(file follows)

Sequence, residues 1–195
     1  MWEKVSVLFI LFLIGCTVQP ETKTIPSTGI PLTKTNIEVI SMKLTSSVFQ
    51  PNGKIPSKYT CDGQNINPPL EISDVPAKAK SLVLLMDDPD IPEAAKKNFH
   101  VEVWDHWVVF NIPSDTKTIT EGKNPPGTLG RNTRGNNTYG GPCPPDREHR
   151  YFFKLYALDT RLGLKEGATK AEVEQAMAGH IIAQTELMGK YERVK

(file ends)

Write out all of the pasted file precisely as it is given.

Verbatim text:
Sequence, residues 1–195
     1  MWEKVSVLFI LFLIGCTVQP ETKTIPSTGI PLTKTNIEVI SMKLTSSVFQ
    51  PNGKIPSKYT CDGQNINPPL EISDVPAKAK SLVLLMDDPD IPEAAKKNFH
   101  VEVWDHWVVF NIPSDTKTIT EGKNPPGTLG RNTRGNNTYG GPCPPDREHR
   151  YFFKLYALDT RLGLKEGATK AEVEQAMAGH IIAQTELMGK YERVK